Philip Nobile: New report claims he made unfounded charges





When Philip Nobile reported in 2004 that the assistant principal of the Brooklyn high school where he taught had ordered other teachers to cheat on the scoring of Regents exams, he was embraced by a powerful city investigator as a whistle-blower.

His charges led to a full-blown investigation of the Cobble Hill High School of American Studies by the city’s Department of Education that backed up his story of failing scores being raised to passing. In short order, the assistant principal, Theresa Capra, resigned; the principal, Lennel George, was removed; and a string of education officials were caught up in questions about a coverup.

But, as it turns out, more than one person can blow a whistle.

Acting on a tip in July 2005, Richard J. Condon, the special commissioner of investigation for New York City schools, began a separate 23-month investigation into what happened at the high school in 2002 and 2003.

It resulted in a scathing 67-page report released yesterday that called Mr. Nobile a subpar teacher with poor evaluations who wrongly accused Ms. Capra of engineering a cheating scheme because she had given him a negative review that could have led to his firing....

Mr. Nobile, in an interview, dismissed the new report. “I was an eye and ear witness to the tampering by Ms. Capra and the coverup by Mr. George,” he said. “I know what I saw, I know what I heard, and I know tampering when I see it.”

He said that the new allegations against him were without merit and that he expected to be reinstated to his teaching job. “There are two Mickey Mouse allegations of corporal punishment,” he said. “In the first case, the boy retracted his complaint because he realized he was being manipulated. Case No. 2 was when I tried to break up a fight and the boy jumped me.”...


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Michael Polidori - 8/20/2010

Anyone reading the report by Condon realizes this was a higher up investigation designed to protect the reputations of higher-ups in the NYC BOE.
Condon admits in his report that cheating did go on in Cobble Hill, committed by teachers, at least one of which admitted the assistant principal handed him a stack of exams to re-grade, with the mutual understanding that grades were to go up.
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The State Department of education reviewed Cobble Hill Regent's scores and declared there was an imbalance in scores in the 60-64 range which defied any reasonable explanation other than a campaign to raise those scores rather than score the regent's honestly
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Nobile's charges were fully substantiated in the first investigation by Scarcella. The claim that Scarcella was manipulated by Nobile is ludicrous. Did Nobile manipulate a seasoned investigator to go after higher ups outside of Cobble Hill after Scarcella agreed with Nobile based on email records and corroborating testimony from other teachers, and the refusal of the assistant principal (who resigned) to even talk with Scarcella? Of course not.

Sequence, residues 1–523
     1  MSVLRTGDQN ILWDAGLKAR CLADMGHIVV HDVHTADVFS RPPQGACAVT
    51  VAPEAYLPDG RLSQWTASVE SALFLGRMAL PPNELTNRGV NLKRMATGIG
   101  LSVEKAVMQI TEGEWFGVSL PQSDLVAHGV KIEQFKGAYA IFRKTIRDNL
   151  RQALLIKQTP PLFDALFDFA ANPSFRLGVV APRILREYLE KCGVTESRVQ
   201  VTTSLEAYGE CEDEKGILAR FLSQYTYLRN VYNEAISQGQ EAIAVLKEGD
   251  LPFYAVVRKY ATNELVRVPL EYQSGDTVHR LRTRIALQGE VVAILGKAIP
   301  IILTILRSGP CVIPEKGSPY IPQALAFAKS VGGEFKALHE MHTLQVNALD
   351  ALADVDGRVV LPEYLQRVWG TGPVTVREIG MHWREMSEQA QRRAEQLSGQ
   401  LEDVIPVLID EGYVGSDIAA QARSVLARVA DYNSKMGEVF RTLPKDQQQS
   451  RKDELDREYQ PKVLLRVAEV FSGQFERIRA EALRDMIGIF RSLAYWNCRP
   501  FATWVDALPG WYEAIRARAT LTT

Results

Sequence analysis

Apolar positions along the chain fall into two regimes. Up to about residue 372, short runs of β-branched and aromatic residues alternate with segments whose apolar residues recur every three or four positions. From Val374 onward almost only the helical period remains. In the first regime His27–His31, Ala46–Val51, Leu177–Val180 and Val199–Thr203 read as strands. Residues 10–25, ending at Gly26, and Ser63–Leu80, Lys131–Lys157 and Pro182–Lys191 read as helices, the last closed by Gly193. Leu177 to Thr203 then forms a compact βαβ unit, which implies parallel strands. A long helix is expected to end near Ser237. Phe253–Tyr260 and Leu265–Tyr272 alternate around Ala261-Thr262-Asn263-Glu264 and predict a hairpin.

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Condon's NYC mayoral controlled office was created to oversee the NYC BOE to ensure corruption and cheating by teachers was rooted out. But Condon ensured that cheaters received the go-ahead signal to cheat their asses off
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That the 2nd investigation was a sham and the 1st got it right is simply truth. But the way these teachers and administrators got into this position is the fault of the state allowing 2 reviews to rescore Regent's exams by the very teachers and administrators who would be affected by the outcome.
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This was clearly a directive to cheat so the New York State Department of Education could qualify for Federal funds based on the documented education level of their students. Of course Federal authorities are also to blame putting this carrot in front of State Department of Education officials.
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In both the state and federal guidance little to no oversight was mandated. Without federal oversight states are left to cheat to get their share of funds or cut their own throats regarding these funds.
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None of this would be necessary if the education systems were funded adequately, fairly and equitably and ways could be found to honestly assess student performance without threats or rewards tied to test scores. To evaluate systems in successful schools and jointly attempt to correct schools lagging behind, recognizing that even in an ideal educational system someone will be at the top and bottom of any system of evaluation
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Mr Nobile should never have been punished as a result of this 2nd investigation. I hope this has worked out in his favor. Except for the possible twisted evaluations of Mr Nobile, if they occurred, I don't feel the assistant principal (Ms Capra) or the principal (Mr George) should have been punished in any way either, as they were doing exactly what they knew the State Department of Education was expecting of them.